Dog people profess to be baffled by the cat person's affection for an animal that provides so little active amusement: Cats will not frolic for you in the surf or fetch sticks or point with their noses at a bird for you to shoot. Because cats can't be trained to do the same sorts of tricks that dogs do, they are considered to be less intelligent, and paratively aloof or indifferent to humans. Dog people think cat people are suckers for doting on sneaky, selfish creatures that only pretend to like people in order to get food and other goodies and that will never, say, jump into a raging, flood-swollen river to rescue a small child at the risk of their own lives, as the faithful hound supposedly will.
Cat people heap contempt on dog people for actually thinking a dog's devotion counts for much. A dog's love for its owner is, cat people say, entirely instinctual, indiscriminate and often unearned by it''s object; you are not loved for yourself but for the position you assume in the dog's life--anyone else would do as well. Therefore, dog owners must be so desperate for love as to be nearly undeserving of it. The willingness of dogs to learn tricks is a result not of their intelligence but of their dopey eagerness to please. That cats can't be bothered to sit or heel on command is, their partisans insist, a sign that they are more clever by half. Cats are also self-cleaning, slobber-free, hand when you've got a mouse problem and on't have to be walked.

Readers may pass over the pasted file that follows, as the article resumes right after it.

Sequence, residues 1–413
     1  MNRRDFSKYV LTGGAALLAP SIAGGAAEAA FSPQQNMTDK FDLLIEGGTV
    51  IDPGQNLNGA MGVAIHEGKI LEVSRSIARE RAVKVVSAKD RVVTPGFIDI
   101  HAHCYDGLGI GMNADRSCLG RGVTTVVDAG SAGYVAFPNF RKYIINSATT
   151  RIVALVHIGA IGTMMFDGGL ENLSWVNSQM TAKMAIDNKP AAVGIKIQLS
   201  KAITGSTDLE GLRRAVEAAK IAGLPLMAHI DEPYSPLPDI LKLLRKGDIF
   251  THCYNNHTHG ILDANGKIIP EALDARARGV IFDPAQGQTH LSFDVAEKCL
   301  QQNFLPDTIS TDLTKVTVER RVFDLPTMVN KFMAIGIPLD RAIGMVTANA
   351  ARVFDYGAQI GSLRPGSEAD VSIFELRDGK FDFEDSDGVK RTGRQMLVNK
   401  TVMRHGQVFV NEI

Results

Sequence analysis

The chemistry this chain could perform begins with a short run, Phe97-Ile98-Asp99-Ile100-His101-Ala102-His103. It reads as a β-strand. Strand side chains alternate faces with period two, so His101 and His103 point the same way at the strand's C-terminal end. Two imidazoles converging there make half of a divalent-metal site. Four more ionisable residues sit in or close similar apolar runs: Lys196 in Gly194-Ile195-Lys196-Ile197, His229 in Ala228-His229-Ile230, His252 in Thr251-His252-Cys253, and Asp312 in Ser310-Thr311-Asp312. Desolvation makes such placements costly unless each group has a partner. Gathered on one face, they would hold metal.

The rest of Miller's essay is also well worth reading. I wrote something similar--with my cat preference clearly spelled out--back in 2009 in Afrikaans.
Personally, although I have had and loved dogs, I am undeniably a cat person. It is indeed the fact that one has to earn a cat's love, that I like about them. In this regard a relationship with a cat is more on an equal plane, rather than a master-subject relationship as is the case with dogs. But actually, I just find cat's very beautiful. A part of it is that they are hunters, I think. Dogs, like jackal, are mostly scavengers. Yes, dogs do hunt, but when they do it is usually as part of a pack, which reminds me a bit of gangs. Cats, on the other hand, would find the idea of being part of a pack, a gang, a posse, quite distasteful--as do I. I'm guessing that is part of it, isn't it? I don't like groups and am not someone to succumb to peer pressure. With friends I prefer the depth of one-on-one encounters, rather than the superficiality of a party.
I found the following video quite hilarious.